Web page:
Stability and resilience of tropical vegetation transitions
There is growing evidence that tipping elements exist in both the climate system and on ecosystems. The terrestrial ecosystems where regime shifts are most likely to have powerful repercussions on the Earth system are the vast tropical forest and savanna biomes. The zone of transition between tropical forests and savannas is a zone of ecological tension (ZOT): on one hand, there is growing evidence that climate change (expressed as an increase on average temperature, CO2 atmospheric concentration, and total annual rainfall) is favouring the forest expansion into the savanna. Increases in tree density in savannas will significantly alter their ecosystem functioning and diversity and will reduce their economic profit (yields, cattle). One the other hand, disturbances associated to global change (being extreme drought events, logging and fires the most outstanding) are favouring forest dieback and the savannization process. Forest dieback will have very important consequences on global carbon balance, biodiversity, and climate feedbacks. However, the uncertainty in how climate and land use change will change in these regions, coupled with the uncertainty the mechanisms driving change, hampers our ability to predict change.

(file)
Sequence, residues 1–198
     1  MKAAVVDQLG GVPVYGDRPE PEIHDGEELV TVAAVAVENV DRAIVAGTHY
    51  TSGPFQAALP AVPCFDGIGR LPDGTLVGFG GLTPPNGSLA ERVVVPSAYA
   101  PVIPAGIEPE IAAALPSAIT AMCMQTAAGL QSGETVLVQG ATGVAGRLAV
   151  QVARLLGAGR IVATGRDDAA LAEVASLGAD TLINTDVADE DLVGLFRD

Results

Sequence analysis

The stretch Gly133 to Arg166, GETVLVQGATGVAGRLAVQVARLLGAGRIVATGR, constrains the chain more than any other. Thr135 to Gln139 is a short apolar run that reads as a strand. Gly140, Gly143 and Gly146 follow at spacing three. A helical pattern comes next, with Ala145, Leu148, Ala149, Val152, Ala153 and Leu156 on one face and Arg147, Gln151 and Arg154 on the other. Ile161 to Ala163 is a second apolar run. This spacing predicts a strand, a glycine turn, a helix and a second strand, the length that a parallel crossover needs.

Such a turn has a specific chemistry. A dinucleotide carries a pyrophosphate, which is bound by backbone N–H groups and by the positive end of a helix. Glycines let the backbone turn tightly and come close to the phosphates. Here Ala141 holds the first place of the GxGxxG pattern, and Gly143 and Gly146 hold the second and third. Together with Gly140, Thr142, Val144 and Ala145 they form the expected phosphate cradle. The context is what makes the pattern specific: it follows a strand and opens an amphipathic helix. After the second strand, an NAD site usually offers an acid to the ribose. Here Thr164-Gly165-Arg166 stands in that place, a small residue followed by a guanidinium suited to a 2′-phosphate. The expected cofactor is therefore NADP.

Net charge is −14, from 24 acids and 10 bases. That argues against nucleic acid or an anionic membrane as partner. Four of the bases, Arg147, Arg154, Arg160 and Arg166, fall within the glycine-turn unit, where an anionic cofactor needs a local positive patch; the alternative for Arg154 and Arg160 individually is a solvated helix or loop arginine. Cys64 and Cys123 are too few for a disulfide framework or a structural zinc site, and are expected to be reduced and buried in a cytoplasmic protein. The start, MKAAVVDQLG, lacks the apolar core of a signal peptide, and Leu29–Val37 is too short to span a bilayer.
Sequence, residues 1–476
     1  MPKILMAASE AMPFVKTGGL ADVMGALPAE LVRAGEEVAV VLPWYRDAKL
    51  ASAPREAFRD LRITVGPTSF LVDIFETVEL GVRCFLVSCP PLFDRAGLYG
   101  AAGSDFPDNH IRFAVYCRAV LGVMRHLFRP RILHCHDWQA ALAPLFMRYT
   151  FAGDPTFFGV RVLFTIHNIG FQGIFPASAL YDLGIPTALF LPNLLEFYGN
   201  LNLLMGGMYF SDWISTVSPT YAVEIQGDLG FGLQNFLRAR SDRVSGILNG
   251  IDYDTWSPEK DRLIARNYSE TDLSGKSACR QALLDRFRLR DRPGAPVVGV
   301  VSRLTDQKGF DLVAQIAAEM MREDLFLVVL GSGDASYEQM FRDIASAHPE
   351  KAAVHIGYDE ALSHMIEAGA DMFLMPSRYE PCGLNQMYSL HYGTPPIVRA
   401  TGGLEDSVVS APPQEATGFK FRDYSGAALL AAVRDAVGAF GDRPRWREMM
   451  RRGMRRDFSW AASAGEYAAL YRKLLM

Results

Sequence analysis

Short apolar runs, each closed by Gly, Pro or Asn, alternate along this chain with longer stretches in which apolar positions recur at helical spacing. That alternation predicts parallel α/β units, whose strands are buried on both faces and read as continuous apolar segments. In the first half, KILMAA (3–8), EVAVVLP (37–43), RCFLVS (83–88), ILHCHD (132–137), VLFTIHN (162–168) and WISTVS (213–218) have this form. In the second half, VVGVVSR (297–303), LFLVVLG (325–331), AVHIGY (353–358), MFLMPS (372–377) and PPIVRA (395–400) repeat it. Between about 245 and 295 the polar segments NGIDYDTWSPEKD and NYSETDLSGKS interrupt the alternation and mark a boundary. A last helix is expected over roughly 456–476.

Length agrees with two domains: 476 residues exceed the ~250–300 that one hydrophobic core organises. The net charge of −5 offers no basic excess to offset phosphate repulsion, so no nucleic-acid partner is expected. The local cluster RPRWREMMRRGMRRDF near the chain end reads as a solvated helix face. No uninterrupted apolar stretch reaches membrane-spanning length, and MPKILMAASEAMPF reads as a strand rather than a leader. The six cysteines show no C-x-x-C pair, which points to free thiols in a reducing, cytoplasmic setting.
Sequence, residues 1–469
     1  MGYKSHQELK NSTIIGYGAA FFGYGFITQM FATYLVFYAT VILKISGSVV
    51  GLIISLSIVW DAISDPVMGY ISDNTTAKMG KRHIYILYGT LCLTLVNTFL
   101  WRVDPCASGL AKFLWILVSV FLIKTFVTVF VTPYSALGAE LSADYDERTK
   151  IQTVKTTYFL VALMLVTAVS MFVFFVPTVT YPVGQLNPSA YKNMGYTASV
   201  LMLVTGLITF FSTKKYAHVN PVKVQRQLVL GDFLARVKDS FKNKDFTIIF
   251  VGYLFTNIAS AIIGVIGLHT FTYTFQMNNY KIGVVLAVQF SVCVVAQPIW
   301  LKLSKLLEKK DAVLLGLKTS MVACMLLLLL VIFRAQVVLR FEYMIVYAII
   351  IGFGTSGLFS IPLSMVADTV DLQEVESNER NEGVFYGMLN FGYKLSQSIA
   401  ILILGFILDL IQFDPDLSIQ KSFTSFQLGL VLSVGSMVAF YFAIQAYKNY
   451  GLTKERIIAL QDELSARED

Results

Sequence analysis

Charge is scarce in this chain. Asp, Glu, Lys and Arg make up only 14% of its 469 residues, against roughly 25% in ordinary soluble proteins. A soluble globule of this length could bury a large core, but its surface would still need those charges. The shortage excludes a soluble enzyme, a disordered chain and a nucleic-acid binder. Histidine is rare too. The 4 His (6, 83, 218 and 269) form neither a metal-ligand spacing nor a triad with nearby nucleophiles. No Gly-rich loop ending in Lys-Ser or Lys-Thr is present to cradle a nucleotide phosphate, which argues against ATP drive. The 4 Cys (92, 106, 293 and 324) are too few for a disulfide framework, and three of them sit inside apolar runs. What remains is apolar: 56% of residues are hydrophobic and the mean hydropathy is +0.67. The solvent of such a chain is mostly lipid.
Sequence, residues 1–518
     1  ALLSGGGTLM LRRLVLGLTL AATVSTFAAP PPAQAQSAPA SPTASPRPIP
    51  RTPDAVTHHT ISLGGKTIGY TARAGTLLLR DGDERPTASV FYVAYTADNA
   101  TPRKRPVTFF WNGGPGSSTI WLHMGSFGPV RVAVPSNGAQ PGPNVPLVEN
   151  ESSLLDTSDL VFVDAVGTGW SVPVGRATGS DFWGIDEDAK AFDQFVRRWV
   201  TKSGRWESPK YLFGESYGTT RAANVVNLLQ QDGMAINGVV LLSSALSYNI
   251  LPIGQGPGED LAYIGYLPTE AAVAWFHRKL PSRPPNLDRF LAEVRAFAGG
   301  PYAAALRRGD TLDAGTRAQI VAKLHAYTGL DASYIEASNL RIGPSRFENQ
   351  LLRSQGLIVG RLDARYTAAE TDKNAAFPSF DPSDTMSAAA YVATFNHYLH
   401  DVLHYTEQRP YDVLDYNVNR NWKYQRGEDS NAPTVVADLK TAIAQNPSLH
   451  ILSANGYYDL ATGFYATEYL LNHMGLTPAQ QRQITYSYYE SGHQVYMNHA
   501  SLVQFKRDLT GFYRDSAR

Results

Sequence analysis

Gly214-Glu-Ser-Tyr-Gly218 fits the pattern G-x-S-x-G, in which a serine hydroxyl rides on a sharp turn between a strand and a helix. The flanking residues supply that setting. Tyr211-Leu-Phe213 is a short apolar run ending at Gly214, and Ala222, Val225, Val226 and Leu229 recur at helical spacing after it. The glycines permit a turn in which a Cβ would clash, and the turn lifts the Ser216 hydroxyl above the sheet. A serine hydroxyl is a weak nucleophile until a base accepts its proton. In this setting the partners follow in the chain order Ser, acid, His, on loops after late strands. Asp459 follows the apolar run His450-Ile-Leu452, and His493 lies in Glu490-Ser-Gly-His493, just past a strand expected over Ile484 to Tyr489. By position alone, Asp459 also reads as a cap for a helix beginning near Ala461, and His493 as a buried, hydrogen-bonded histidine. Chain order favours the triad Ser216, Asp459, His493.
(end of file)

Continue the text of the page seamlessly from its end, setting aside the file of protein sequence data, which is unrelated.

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- Improving fire emission estimates
- Stability and resilience of tropical vegetation transitions
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- Disentangling the dynamics of diversification in deep time
- Infra-red effects of atmospheric cluster-ions
- Toward a mechanistic understanding of glacial-interglacial cycles in atmospheric CO2
- Plankton Speciation and Adaptation in the Open Ocean
- Quantifying ocean heat and anthropogenic carbon uptake
- Constraining the Cycle of Natural and Anthropogenic Lead in the Ocean
- Observing the Origins of Tropical Cyclones
- Deciphering the role of drought and fire in tropical ecosystems